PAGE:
Researchers in Britain have found that deep vein thrombosis, sometimes known as "economy class syndrome" is more common than most people think, and it can cost travelers their lives.
Deep vein thrombosis occurs when a person stays in the same position, such as sitting on an airplane or in a car, for prolonged periods of time. This allows blood to pool in parts of the body, especially the legs. Clots can then break off from the pool and travel to the heart or brain, causing a heart attack or stroke.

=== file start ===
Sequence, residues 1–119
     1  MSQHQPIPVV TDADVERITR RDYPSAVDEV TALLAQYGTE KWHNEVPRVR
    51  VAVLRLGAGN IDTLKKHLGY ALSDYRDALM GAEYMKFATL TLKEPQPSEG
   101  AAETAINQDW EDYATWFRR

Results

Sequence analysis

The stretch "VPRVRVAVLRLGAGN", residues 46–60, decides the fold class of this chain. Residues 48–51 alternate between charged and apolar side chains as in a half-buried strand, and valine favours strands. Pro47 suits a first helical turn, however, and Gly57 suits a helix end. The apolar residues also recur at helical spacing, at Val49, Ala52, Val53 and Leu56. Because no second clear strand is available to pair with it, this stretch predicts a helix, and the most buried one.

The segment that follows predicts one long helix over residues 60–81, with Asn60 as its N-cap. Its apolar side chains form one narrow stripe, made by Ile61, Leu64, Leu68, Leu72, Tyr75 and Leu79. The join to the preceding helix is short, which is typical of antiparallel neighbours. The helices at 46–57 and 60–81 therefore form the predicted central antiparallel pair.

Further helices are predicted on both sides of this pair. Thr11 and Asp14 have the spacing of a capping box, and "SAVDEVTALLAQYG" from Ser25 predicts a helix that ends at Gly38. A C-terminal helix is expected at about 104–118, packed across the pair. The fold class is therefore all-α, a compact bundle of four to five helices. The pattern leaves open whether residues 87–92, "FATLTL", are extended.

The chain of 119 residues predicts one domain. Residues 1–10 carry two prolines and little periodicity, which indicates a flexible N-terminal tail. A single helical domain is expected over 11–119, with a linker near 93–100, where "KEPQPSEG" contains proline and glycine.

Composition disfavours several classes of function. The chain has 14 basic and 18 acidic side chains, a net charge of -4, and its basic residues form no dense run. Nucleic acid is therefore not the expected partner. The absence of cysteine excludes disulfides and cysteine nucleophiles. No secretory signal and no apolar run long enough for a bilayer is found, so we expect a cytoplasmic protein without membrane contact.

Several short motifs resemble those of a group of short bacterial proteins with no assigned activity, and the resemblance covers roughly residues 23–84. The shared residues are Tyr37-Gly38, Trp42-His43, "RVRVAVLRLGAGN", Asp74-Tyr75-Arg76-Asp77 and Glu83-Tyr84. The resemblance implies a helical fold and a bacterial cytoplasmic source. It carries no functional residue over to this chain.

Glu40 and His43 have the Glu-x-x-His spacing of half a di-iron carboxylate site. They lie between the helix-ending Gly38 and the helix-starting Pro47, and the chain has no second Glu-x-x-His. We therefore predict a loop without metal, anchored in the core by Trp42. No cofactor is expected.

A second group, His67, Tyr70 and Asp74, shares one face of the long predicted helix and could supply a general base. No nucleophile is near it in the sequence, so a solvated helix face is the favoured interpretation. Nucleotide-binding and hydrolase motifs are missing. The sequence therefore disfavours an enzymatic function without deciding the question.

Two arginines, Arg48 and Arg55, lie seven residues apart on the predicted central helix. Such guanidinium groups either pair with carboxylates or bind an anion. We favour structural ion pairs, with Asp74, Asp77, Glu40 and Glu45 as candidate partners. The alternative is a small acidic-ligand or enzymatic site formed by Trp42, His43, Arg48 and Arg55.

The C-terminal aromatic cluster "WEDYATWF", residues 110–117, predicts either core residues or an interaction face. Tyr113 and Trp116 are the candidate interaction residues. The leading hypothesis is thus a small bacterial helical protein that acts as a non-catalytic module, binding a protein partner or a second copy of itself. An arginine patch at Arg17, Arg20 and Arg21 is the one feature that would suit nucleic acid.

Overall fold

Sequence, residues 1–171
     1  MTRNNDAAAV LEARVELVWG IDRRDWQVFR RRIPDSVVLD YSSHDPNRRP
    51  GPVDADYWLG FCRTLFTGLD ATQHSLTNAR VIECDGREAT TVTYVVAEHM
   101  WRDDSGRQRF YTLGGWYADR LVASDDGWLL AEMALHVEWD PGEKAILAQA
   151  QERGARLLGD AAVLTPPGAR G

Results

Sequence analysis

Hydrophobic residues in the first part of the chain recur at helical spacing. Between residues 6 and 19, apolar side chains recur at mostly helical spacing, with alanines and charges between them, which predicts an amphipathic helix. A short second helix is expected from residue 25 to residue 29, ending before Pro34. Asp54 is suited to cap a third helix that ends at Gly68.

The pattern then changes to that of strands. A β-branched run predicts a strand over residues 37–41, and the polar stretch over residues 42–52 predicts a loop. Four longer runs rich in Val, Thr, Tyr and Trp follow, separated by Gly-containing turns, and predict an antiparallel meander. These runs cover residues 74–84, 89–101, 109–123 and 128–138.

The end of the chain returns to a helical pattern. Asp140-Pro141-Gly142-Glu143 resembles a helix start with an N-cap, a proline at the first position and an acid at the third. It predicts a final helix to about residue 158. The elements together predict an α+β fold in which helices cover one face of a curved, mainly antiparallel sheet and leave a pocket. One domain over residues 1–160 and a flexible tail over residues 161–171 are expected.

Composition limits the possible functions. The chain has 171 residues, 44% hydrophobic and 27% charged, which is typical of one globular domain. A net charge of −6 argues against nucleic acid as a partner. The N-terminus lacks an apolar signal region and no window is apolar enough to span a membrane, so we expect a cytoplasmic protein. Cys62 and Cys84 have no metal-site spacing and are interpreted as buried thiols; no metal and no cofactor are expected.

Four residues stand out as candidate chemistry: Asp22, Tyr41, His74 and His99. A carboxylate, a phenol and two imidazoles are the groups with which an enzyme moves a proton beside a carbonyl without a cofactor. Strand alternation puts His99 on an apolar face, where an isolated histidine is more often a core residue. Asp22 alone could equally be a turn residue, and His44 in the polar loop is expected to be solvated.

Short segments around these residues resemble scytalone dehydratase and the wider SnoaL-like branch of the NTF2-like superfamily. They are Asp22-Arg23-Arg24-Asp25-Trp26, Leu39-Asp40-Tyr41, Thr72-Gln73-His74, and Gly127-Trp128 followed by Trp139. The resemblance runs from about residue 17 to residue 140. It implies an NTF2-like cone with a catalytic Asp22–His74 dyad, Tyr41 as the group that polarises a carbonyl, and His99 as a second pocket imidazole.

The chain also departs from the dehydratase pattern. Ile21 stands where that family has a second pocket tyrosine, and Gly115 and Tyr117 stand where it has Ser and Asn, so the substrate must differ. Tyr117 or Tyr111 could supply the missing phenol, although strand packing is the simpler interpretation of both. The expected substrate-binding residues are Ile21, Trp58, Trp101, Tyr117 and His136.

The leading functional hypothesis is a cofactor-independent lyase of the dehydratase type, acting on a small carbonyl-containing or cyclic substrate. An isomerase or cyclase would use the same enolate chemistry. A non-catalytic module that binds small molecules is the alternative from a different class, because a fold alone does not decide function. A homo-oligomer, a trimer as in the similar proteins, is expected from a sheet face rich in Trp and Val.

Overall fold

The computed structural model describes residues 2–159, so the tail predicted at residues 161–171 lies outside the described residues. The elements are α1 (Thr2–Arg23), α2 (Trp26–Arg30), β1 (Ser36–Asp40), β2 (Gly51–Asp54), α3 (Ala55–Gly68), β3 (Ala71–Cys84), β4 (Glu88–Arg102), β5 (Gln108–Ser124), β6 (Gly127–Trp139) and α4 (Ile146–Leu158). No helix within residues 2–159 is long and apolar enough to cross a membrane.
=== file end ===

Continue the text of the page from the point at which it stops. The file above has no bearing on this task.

Although the condition is known as economy class syndrome, it seems to be more closely linked to travel habits than to ticket prices. Travelers on red-eye, overnight flights are most at risk, because they tend to sleep for hours during the flight, as are people who have a history of poor circulation.
The best way to reduce your risk of deep vein thrombosis is to increase your blood flow:
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